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On Saturday, which was Shakespeare Saturday, I had plans for pizza and Star Wars with Chloe in the afternoon, so I couldn’t go to any bookshops for Events. But in the morning, I had no plans, so my mum asked me to go and buy some bread for lunch. We have a few supermarkets near us, and they’re all very quick to get to by car, but I thought a walk would do me good, so I set off across the park to Tescos. When I stopped at one point to watch the swallows, a woman asked me about my bag, so I told her all about Books Are My Bag and Shakespeare Saturday. Then I put it down to take a photo and this goose was very very interested indeed.

I regretted going outside almost immediately, because I’d only been out the house ten minutes when it started to rain. But once that stopped, and the sun came out, I had a lovely time. Rather than the usual open green space, my local park is a country park, reclaimed from a disused sewage farm, and is mostly open grassland and wetland, and it’s a perfect place to spot wildlife. Despite being in the more built-up end of Croydon, we have pheasants, kestrels, all sorts of ducks, woodpeckers, and, as I discovered on Saturday, at least one blackcap, and a whitethroat – I was very excited about these as I hadn’t knowingly seen either of them before. A bit more research shows just how many bird species have been recorded there, which, for a bird nerd like me, is pretty damn exciting.

I’ve loved birds for as long as I can remember. I used to keep quiet about it, but one of the real benefits of only maintaining friendships with people who are not Total Shits is that I don’t have to worry about being judged for being a nerd. When I was 12, my whole family hung around on the side of a road in Wales with some old men until we saw the osprey they were watching. Seeing a dipper in Scotland, an eagle in the Alps, gannets from a ferry, hearing my first ever cuckoo while visiting family in Brittany, rescuing a robin from a cat’s mouth, an owl swooping over me in the fog in the Peak District, listening for pheasants, swallows skimming over water, watching a pair of goldcrests in my auntie’s garden on Christmas Day, feeding the sparrows in our back garden, they all bring me so much pleasure. There’s something incredibly special, so wholesome and exciting, about seeing birds that I can’t really compare to anything else. I love it.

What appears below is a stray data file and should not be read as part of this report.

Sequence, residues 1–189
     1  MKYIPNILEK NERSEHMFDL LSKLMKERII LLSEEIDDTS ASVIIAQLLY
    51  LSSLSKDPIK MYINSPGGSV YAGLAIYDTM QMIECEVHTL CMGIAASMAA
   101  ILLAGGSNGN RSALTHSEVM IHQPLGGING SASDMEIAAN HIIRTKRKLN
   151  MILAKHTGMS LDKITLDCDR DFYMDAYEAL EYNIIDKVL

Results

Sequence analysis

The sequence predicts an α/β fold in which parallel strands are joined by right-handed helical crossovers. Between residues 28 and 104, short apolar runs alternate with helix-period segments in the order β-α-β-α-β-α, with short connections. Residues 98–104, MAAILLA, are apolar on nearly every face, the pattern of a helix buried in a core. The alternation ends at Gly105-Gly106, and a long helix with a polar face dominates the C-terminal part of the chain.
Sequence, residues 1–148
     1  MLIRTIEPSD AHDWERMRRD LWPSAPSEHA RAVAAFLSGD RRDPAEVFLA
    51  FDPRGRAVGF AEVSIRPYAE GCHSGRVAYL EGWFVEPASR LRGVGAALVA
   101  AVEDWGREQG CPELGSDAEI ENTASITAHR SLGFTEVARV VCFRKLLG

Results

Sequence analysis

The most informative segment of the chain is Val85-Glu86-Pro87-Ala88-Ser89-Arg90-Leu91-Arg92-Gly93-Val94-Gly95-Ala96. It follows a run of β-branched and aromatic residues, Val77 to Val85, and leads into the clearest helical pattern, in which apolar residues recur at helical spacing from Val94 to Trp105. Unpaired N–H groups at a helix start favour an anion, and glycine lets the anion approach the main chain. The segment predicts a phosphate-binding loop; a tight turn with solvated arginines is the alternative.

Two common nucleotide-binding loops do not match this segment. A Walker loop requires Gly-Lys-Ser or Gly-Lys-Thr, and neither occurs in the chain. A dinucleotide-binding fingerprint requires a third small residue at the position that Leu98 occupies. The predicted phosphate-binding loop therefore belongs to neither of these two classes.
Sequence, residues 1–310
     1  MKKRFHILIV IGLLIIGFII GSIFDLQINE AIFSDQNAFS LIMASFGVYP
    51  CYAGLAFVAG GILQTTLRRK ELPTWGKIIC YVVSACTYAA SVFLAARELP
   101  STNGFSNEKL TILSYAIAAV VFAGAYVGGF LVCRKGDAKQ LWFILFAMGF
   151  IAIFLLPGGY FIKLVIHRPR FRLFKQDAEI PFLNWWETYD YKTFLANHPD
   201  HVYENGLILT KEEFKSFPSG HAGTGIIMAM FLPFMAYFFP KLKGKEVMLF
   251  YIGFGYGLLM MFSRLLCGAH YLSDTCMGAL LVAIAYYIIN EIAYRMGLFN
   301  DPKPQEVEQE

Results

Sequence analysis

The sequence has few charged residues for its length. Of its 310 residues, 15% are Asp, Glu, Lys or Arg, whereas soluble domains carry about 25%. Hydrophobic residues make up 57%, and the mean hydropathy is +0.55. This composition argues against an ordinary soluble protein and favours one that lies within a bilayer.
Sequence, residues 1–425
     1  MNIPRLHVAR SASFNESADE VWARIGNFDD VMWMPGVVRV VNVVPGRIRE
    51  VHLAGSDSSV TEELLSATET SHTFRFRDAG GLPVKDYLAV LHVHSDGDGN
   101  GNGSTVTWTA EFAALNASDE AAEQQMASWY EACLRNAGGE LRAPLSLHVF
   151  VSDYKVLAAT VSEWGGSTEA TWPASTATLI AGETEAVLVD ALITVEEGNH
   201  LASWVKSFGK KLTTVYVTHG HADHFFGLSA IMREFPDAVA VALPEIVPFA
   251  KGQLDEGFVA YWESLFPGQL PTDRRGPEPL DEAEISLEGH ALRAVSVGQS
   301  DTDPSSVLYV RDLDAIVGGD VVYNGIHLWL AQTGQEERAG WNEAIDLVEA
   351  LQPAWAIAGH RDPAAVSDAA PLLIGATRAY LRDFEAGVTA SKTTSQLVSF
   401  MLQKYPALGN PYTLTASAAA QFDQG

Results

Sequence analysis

I’ve got quite a few bird identification books, but my two favourites are these:

Between the two of them, with maps, different descriptions, drawings and photographs, it’s easy to get a good identification of almost any British bird, given a decent sighting and a little bit of time.

It took me, in the end, over an hour and a half to walk the two mile round trip to Tescos. It was the first time in ages that I properly engaged with birds in my local park, but I’ve resolved to get out there more and see what I can see, and I’m excited about it.

What are your favourite birds, or favourite bird memories?

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One thought on “Shakespeare Saturday, in which I took the Bard for a muddy walk, and he nearly got eaten by a goose

  1. It took Helen years to tell us she was a bird nerd! Clearly she thought we were total shits.
    My mum wanted to identify her noisy birds so she played her bird identifer CD that my dad bought her and loads of blue tits rocked up. She loves to email me photos from the bird baths (yes, they have two).

    Like

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